COOPERATION IN PRODUCTIVITY
Don Mario Pérez likes to learn, and he likes to challenge the people around him to learn. While visiting his home and coffee farm during an organic workshop in early June, Don Mario and his wife, Joselinda Manueles (pictured, right) explained their philosophy to me.
“It is all about changing your chip,” Don Mario said. “Just like a cell phone, you change the chip or the software in your brain and you have a whole new world. We have been so programmed to learn, repeat, memorize, and copy but we need to change our chip. We must have a chip that allows us to observe, analyze, think, and invent!”
Don Mario believes in this idea of “changing your chip” so much that he named his organic fertilizer production space Chip Change Corner, or, in Spanish, Rincón Cambio de Chip.
He and his wife embody the spirit of Café Orgánico Marcala (COMSA), the farmer organization of which they are members. That’s why we organized our first Cooperation and Productivity event at their farm and invited members of Las Colinas Co-op to visit and learn from COMSA and its members.
I traveled with six members from Las Colinas—Adolfo, Alirio, Lorenzo, Pedro, Oscar and Julio—from Tacuba, El Salvador to Marcala, Honduras. This professional field trip focused on the integrated organic practices that COMSA has developed using locally available natural resources to their maximum potential. (Pictured, right: Alirio, Adolfo, Pedro, Oscar Omar Alonso, Oscar from Las Colinas, Julio, Lorenzo.)
One of the most unique and inspirational parts of the workshop was seeing the COMSA farmers share their outlook and philosophy with the farmers from Las Colinas. The COMSA mindset centers on the need for a personal, internal change in yourself before attempting to change how you work on your farm.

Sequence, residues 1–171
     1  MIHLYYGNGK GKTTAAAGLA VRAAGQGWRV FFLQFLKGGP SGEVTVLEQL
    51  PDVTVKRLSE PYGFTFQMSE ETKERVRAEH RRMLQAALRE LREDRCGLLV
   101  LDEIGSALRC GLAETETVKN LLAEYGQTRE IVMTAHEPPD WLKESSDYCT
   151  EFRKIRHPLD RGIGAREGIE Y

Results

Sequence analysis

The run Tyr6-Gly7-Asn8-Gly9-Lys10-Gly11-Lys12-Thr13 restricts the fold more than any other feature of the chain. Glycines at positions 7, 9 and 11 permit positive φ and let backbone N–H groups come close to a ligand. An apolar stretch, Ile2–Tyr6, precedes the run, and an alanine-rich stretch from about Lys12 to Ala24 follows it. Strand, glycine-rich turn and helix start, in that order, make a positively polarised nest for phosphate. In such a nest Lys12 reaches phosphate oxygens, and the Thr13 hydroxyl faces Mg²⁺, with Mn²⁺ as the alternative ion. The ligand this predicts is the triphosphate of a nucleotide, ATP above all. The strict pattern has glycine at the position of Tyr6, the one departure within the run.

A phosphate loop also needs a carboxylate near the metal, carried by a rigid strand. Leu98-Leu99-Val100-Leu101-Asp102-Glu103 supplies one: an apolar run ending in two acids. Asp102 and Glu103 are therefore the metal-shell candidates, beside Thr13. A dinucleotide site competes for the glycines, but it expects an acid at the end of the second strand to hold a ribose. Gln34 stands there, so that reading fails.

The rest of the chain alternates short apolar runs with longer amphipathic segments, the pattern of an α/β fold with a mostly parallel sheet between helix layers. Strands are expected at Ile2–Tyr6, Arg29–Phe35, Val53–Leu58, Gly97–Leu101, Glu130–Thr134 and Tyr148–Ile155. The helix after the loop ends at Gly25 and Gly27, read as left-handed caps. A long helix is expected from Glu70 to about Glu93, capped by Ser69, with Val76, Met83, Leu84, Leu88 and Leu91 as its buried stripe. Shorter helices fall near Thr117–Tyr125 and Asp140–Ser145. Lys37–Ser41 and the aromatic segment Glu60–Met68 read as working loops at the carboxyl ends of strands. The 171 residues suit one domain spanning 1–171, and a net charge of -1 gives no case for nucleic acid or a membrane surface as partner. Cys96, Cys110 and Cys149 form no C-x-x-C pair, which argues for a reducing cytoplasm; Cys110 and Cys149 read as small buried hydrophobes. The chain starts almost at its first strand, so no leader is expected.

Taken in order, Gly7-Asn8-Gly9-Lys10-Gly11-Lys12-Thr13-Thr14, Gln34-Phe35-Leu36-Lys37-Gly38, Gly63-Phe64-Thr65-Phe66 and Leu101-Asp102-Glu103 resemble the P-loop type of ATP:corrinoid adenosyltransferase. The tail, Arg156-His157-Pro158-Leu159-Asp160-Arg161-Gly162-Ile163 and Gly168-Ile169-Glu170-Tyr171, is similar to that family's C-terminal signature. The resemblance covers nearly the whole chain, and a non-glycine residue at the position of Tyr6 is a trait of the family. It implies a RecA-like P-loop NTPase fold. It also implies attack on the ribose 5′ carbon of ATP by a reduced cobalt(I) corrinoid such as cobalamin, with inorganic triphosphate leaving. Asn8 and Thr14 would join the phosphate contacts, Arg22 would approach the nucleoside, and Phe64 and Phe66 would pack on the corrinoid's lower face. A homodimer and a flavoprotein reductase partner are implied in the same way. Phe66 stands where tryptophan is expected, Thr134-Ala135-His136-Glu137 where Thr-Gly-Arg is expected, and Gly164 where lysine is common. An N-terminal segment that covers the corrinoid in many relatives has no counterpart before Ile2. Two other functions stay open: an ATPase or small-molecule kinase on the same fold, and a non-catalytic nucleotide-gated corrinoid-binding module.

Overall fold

“Experience has taught us that change happens first in your mind and then in your home and on your farm,” Don Mario said. This mindset shift—or change of chip—does not pervade the majority of coffee co-operatives. In fact, I think this is what makes COMSA so dynamic: focusing first on the individual and the development of the mind, and then on how the individual can observe, analyze, think and invent to better their farm.
Oscar Omar Alonso of COMSA shared his life story to the six members of Las Colinas over dinner one night. Oscar explained reaching a crossroads that made him realize the problems were not on his farm. “The problems were my problems,” he said. “It was me that had to change. I asked myself, ‘What are the barriers in front of me?’ I had to identify the obstacles and then work on them.”
It was incredible to hear Oscar Omar tell his story and lessons with the Las Colinas guys. In my experience, farmers learn best first and foremost from their own experiences (as Oscar and Mario make clear) and second from other farmers. What COMSA gets right, and what I want to share with both farmers and coffee drinkers is an idea that the manager of COMSA, Rodolfo Peñalba (pictured, above), explained: “If there is only one brain, it can only think so much. But, add another brain and another and another. What do you get? Farmers who generate ideas together. This is what we need.”
Farmer organizations and co-operatives provide that space for farmers to join together and share their brain power – with amazing results. The farmers from Las Colinas traveled to COMSA with the desire to learn biodynamic organic practices and compost recipes, and while they learned a great deal about that, I believe the philosophy element of this trip made it unique and memorable. The members of COMSA know that farmers must believe in themselves and their ability to create solutions to challenges. They are inspiring other farmers to recognize their own strength and potential.